Sync or Async

With Curi, routes can be synchronous or asynchronous. By default, routes are synchronous. If a route has a resolve function, it becomes async.

When a navigation event is triggered (e.g. clicking a link or button), the router will match a route. If the route is synchronous, the response will be emitted immediately. If the route is asynchronous, the response will not be emitted until the route's async functions have finished. Asynchronous routes are useful for code splitting and preloading data.

// sync
{ name: "Home", path: "" },

// async
{
  name: "User",
  path: "user/:id,
  // any functions in here makes the route async
  resolve() {
    return import("./components/User");
  }
}

Async Things to Think About

For the most part, it shouldn't matter to you (or your users) whether routes are sync or async, but there are a couple of things that you should be aware of when it comes to async matching.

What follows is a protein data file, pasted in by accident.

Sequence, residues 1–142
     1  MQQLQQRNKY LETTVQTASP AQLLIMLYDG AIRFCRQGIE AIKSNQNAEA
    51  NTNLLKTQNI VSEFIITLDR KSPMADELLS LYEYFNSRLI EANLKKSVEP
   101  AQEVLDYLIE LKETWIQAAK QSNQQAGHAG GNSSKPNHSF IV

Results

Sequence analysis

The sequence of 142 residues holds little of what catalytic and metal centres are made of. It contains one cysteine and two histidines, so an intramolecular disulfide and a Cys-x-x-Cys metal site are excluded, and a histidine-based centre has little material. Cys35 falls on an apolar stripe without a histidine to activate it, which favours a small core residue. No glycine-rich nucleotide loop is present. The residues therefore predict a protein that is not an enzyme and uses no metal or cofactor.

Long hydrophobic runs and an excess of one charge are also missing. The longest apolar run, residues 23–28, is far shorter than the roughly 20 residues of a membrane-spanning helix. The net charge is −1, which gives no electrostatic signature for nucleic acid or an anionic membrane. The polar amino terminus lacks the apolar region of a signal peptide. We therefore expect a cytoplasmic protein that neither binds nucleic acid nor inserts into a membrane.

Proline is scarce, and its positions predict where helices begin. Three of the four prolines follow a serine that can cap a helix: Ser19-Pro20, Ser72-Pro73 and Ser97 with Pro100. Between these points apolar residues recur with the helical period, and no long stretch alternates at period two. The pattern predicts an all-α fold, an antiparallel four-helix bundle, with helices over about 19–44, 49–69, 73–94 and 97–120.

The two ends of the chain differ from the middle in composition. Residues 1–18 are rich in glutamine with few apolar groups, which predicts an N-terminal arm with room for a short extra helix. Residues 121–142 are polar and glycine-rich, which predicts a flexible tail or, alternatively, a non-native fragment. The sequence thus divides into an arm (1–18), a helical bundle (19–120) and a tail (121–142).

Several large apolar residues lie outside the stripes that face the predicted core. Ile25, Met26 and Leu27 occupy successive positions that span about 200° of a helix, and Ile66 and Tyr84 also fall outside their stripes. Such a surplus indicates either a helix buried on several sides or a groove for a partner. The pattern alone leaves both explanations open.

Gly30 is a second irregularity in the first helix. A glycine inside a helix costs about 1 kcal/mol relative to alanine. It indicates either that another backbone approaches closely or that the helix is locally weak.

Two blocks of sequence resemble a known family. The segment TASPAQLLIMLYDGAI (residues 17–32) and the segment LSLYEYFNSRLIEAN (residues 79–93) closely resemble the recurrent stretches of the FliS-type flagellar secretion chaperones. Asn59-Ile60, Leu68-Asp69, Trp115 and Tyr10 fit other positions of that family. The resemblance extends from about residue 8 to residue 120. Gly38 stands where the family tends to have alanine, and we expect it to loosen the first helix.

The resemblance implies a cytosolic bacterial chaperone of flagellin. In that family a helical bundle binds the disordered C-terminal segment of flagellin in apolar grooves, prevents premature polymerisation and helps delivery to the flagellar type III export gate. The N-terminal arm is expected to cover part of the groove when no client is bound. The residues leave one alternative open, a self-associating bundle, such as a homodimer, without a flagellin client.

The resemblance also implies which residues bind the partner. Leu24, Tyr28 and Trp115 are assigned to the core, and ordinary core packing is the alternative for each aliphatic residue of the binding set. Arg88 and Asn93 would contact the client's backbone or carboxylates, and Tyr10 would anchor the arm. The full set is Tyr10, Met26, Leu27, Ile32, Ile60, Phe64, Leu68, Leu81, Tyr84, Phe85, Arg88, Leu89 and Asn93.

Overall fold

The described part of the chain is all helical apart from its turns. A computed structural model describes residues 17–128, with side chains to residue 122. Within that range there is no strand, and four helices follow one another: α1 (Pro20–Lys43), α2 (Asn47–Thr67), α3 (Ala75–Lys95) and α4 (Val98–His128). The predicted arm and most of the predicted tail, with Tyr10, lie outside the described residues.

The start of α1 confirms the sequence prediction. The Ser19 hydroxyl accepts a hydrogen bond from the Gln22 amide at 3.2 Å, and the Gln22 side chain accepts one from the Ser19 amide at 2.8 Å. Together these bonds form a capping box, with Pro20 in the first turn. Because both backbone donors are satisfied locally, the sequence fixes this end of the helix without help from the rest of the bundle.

1. If the initial route that matches is async and you try to render immediately, the response will be undefined. You can wait to render until the initial response is ready with router.once.

    const router = createRouter(browser, routes);
    router.once(() => {
      // the initial response is ready,
      // so it is safe to render
      ReactDOM.render(...);
    });
  2. With async routes, there is a delay between when the user clicks a link and when the new response is emitted (the delay being the time it takes for the asynchronous actions to run). During this time, the navigation can be interrupted with a new navigation. It can be useful to update your UI after a link/button is clicked to indicate that the next page is loading.

    You can see an example of this in the Asynchronous Navigation Example.

  1. Async Things to Think About